3.Stickler D. Bacterial biofilms and the encrustation of urethral catheters. Biofouling. 1996; 94: 293-305.  Back to cited text no. 3
4.Shigemurai K, Arakawa S, Saka Y, et al. Complicated urinary tract infection caused by Pseudomonas aeruginosa in a single institution (1999-2003). Int J Urol 2006; 13: 538-542.  Back to cited text no. 4
5.Holt J, Krieg N, Sneath P, et al. Bergy's Manual of Determinative Bacteriology. 9th ed. Williams and Willkins. Maryland, USA; 1994.  Back to cited text no. 5
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7.Palleroni N. Genus Pseudomonas. In: Garrity GM, Brenner DJ, Krieg NR and Staley JT. eds. Bergey's Manual of Systematic Bacteriology.2nd ed. The Proteobacteria. Part B the Gammaproteobacteria. Volume Two. Springer.U.S.A. 2005: 323-378.  Back to cited text no. 7
8.Bauer A, Kirby W, Sherris J, et al. Antibiotic susceptibility testing by astandardized single disk method. Am J Clin Pathol 1966; 36: 493-496.  Back to cited text no. 8
9.Sousa R, Halper J, Zhang J, et al. Effect of Lactobacillus acidophilus supernatants on body weight and leptin expression in rats. BMC Complement. Altern Med 2008; 8: 5-9.  Back to cited text no. 9
10.Deraz S, Karlsson E, Hedström M, et al. Purification and characterisation of acidocin D20079, a bacteriocin produced by Lactobacillus acidophilus DSM 20079. J Biotechnol 2005; 117: 343-354.  Back to cited text no. 10
11.Lowry O, Rosebrouch N, Erra A, et al. Protein measurment with the folin phenol reagent. J Biol Chem 1951; 193: 267-275.  Back to cited text no. 11
12.Ikeagwu I, Amadi E, Iroha I. Antibiotic sensitivity pattern of Staphylococcus aureus in Abakaliki, Nigeria. Pak J Med Sci (Part-I). 2008; 24: 231-235.  Back to cited text no. 12
13.Mojgani N, Sabiri G, Ashtiani M, et al. Characterization of Bacteriocins Produced by Lactobacillus brevis NM 24 and L. fermentum NM 332 Isolated from Green Olives in Iran. Int J Microbiol 2009; 6 (2).  Back to cited text no. 13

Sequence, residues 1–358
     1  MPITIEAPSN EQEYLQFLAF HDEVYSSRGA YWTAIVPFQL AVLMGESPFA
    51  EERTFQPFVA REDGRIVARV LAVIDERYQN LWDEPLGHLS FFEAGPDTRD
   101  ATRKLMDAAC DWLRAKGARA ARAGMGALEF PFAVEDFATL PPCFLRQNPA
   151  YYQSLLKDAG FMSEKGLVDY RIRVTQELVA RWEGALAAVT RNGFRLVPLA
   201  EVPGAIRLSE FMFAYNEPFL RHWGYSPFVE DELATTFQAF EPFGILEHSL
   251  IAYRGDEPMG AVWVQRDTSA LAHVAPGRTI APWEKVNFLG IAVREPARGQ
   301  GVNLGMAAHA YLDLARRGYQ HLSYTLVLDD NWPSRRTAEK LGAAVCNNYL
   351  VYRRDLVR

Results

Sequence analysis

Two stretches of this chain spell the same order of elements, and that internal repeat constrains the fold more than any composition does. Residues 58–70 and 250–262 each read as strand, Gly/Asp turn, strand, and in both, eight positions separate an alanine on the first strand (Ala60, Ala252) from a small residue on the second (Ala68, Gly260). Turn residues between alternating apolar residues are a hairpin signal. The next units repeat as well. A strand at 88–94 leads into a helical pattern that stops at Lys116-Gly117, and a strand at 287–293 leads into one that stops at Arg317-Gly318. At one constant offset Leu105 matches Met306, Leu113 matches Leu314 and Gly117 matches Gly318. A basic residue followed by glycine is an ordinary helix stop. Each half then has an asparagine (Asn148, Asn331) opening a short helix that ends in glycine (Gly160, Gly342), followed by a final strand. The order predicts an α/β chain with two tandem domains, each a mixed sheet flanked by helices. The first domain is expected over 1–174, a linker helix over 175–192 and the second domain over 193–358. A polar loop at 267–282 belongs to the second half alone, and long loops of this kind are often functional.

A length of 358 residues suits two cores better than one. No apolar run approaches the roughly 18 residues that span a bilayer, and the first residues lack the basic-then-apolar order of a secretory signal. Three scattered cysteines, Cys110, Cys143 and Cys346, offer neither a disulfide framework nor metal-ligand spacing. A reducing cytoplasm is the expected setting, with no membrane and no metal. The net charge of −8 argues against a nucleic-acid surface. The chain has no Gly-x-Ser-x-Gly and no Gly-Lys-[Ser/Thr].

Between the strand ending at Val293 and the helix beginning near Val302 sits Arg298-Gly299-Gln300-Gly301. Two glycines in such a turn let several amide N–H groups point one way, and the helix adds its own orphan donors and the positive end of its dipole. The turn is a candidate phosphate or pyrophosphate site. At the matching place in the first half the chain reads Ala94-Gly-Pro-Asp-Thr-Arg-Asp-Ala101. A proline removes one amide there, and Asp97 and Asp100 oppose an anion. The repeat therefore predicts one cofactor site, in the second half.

14.Jones S, Versalovic J. Probiotic Lactobacillus reuteri biofilms produce antimicrobial and anti-inflammatory factors. BMC Microbiol 2009; 9: 35-43.  Back to cited text no. 14
15.Harley J, Prescott H. Laboratory Exercises in Microbiology. 5th Ed. The McGraw-Hill Companies; 2002.  Back to cited text no. 15
16.Invanova I, Kabadjova P, Panter A, et al. Detection, purification and partial characterization of a novel, Bacteriocin subsp. Lactis B14 isolated from Boza-Bulgarian Traditional cereal Beverage: Biocat Fun Appl 2000; 6: 47-53.  Back to cited text no. 16
17.Ogunbanwo S, Sanni A and Onilude A. Characterization of bacteriocin produced by Lactobacillus plantarum F1 and Lactobacillus brevis OG1. Afr J Biotechnol 2003; 2: 219-227.  Back to cited text no. 17
18.Al-Mathkhury H, Al-Aubeidi H. Probiotic effect of lactobacilli on mice wound insicional infections. J Al-Nahrain Uni Sci 2008; 11: 111-116.  Back to cited text no. 18
19.Razzak M, Al-Charrakh A, AL-Greitty B. Relationship between lactobacilli and opportunistic bacterial pathogens associated with vaginitis. North Am J Med Sci 2011; 3: 185-192.  Back to cited text no. 19
20.Riaz S, Nawaz S, Hasnain S. Bacteriocins produced by L. fermentum and L. acidophilus can ihnibit cephalosporin resistant E. coli. Bra J Microbiol 2010; 41: 643-648.  Back to cited text no. 20
21.Tahmourespour A, Kermanshahi R. The effect of a probiotic strain (Lactobacillus acidophilus) on the plaque formation of oral Streptococci. Bos J Bas Med Sci. 2011; 11: 37-40.  Back to cited text no. 21
22.Al-Kafaji ZM. Probiotics and their characteristic. In: Al-Kafaji ZM. Ed. Probiotics for life. Institute of Genetic Engineering & Biotechnology for Postgraduate Studies. The University of Baghdad. 2008; 79: 81-84.  Back to cited text no. 22
23.Westbroek ML, Davis CL, Fawson LS, et al. Interactions of Lactobacilli with Pathogenic Streptococcus pyogenes. Infect Dis Obstet Gynecol 2010; 2010: 289743. Epub 2010 May 24  Back to cited text no. 23
24.Ramos AN, Gobbato N, Rachid M, et al. Effect of Lactobacillus plantarum and Pseudomonas aeruginosa culture supernatants on polymorphonuclear damage and inflammatory response. Int Immunopharmacol 2010; 10: 247-251.  Back to cited text no. 24


  [Figure 1], [Figure 2]

  [Table 1], [Table 2]